We bought a house, should you?

Hello from the other side. Do you remember me? It’s been a long time, but I promise I have a good excuse. Since you last heard from me, we have bought AND sold a home, and even lived somewhere else for a week in the weird interim where things can’t get messy and all signs of kitty need to vanish. I will update you guys on all the details later, and hope to post some of our upcoming projects, but today, I wanted to share some helpful hints on not only buying a house, but whether or not buying a house is right for you anyway!
1. First things first, is right now the right time for you to buy a home?
Well, a lot comes into play when trying to answer that question, but the most significant thing to consider is: do you plan to be in the same place for quite some time? And no, I don’t mean like, “Well I’m in this city now, and I’ll probably be here in a few years too.” In addition to your physical location, you’ll want to consider how happy you are with your job, the potential for you to find other work in that location should the worst happen, relationships with friends and significant others, and really any scenario that could arise and tempt you to move.
Let’s be real, shit happens. I’m sure people buy houses and have circumstances change two weeks in, but in an ideal scenario, you would want to plan on being where you’re at for 3-5 years. Why? Because equity. I’m no banker (anymore, that is), and I’m definitely no lender, but equity is important and it also takes time.
To sum this up:
Do you have a job you love in a city you love and bonus, friends there too? Well, if you answered yes to those and would like to be a homeowner, I say go for it!
Are you lukewarm about your job and location? In a long distance relationship? Actually qualified to land your dream job across the country? Maybe renting is more your speed.
2. Okay, so you’re sure you want to buy, but you’re skeptical because you feel in the dark about, “the process.” Here’s the deal: we just bought our second home and I still don’t know shit about the process. Fortunately, for both houses, we basically held hands with our realtors and made it through. Much like a wedding planner, it benefits everyone involved for things to go smoothly, so if you have a good realtor, the process should be easy peasy. (FYI, I feel the same about buying and selling houses as I do “the cloud”; I don’t understand and I don’t care to. It’s wild to me that it’s all done by swapping large sums of money that neither party actually has? 🤔)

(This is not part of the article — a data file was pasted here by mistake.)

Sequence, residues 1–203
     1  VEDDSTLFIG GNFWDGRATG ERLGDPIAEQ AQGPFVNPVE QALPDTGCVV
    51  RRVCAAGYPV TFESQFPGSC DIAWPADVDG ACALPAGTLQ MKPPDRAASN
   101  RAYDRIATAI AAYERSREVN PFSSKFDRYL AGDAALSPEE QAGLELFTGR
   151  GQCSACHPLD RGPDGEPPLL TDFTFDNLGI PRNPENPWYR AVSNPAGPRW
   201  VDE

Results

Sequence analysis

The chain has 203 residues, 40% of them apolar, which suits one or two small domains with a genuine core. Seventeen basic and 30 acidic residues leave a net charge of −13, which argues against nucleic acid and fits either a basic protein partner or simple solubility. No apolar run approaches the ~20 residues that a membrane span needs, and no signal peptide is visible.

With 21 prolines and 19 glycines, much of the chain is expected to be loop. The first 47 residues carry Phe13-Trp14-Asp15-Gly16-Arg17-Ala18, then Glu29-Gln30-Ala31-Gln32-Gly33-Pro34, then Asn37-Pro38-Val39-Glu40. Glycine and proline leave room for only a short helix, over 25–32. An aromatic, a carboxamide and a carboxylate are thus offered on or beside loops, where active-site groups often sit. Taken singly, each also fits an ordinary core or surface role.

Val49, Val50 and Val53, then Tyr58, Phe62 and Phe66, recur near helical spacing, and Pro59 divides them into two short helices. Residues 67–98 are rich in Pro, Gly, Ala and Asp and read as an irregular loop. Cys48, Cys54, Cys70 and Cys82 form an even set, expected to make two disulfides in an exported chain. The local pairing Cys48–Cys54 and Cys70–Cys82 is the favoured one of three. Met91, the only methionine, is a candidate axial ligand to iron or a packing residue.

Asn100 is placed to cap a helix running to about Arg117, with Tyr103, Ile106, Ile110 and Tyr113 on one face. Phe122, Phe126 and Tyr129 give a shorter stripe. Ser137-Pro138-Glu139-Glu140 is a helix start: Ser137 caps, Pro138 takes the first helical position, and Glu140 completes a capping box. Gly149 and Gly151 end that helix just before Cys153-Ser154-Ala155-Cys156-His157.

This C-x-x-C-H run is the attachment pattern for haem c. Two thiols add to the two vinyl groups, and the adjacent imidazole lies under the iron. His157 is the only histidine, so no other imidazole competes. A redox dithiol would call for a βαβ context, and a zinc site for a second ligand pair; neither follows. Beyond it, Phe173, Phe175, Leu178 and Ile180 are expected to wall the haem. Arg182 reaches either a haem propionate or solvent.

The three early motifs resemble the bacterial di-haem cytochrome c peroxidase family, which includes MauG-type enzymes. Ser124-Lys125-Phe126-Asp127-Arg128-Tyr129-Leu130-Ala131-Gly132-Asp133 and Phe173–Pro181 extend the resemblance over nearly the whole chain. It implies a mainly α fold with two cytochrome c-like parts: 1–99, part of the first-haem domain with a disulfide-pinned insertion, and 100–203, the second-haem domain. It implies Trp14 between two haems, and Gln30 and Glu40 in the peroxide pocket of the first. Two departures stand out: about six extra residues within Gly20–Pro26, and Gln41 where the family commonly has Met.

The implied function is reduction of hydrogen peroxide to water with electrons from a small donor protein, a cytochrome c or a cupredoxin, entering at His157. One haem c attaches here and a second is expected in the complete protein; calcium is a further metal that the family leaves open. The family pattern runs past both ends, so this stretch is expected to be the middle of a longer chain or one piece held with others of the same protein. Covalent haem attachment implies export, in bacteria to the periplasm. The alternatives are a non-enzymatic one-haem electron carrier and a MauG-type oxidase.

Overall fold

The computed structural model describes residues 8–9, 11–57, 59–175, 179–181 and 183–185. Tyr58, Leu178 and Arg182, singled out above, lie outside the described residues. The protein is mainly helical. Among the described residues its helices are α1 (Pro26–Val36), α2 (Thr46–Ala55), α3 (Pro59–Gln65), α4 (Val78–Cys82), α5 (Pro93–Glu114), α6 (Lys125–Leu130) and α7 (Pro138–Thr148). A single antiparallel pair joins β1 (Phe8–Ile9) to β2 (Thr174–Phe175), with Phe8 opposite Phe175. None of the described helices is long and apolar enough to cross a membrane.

3. Speaking of a good realtor, you’re really going to want to find one. We had great realtors for both buys, but I much preferred the experience this time around because we love our agent. Our first agent was recommended by my husband’s parents, who shop a very different price point, and while our agent was totally polite(ish), there was always an unspoken air of, “You’re wasting my time,” and I think we all had a sigh of relief when we were able to quickly find a home that we loved.
Finding a home can take quite some time (and you’ll be spending a lot of evenings and weekends with your realtor), and our agent basically answered our calls and texts at all hours of the day and night. Now that all is said and done, she feels like a friend too.
“Well, that’s good for you Leigh Ann, but how do I find a realtor that I love?”
Go. To. Open. Houses. Ask questions. Be open. I’m so glad we did this and had the best possible outcome!
4. So you got pre-approved for a loan, what should you do now? This is totally just my personal advice, but Kyle and I sat down and agreed that we didn’t want to exceed more than 75% of our pre-approval amount because we didn’t want to spread ourselves too thin.
I think the best way to navigate this is to consider your lifestyle.
Do you like to travel a lot? Spend your evenings after work with friends? Well, don’t go balls to the wall on your budget because trips are expensive, and you don’t spend much time at home anyway.
Are you a homebody who loves Netflix and prefers to eat in (🙋🏼‍♀️)? Your budget might be a little more flexible because a lot of your joy happens at home.
In short, don’t bite off more than you can chew.
Oh and also, everything is always more expensive than you anticipate. Way more expensive.
5. Create  ‘must have’ and ‘would like to have’ lists. The number of times I walked into a house that totally didn’t meet our needs and fell in love with it anyway is comical. We created lists that we compromised and agreed upon so we could streamline our process.
6. Prepare to be disappointed. I’m not going to lie. Tears were shed. Arguments were had. I felt like giving up basically all of May. In the 3ish month process of looking for homes, we had one offer declined early on (we got outbid by like $1,000 😩), one new build that we were ready to roll on and then got blindsided about something stupid that I can’t even remember, and one house that I truly loved that was drastically overpriced. But, all of those disappointments got me here, and here is the right place.
7. And finally, be open minded. You’re going to see a lot of dumps. You’ll see some diamonds in the rough too. In fact, I belly ached over a house that had an ant infestation and needed probably $50,000 of updating and fixing, but I had a vision for it. Unless you build from the ground up, and maybe even then, there will be things you want to change about any house.
Paint makes for a world of change.
(some) Projects are fun.
And remember: everything is way more expensive than you thought (redundant, but necessary).
So anyway, hello! I’m sorry! I’ll be back soon! Here’s a picture of us in front of our new house right after we closed and right before chaos ensued:
IMG_3651
xoxo buying with Leigh Ann

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Maker of artish things. TV junkie. Where's the pizza?

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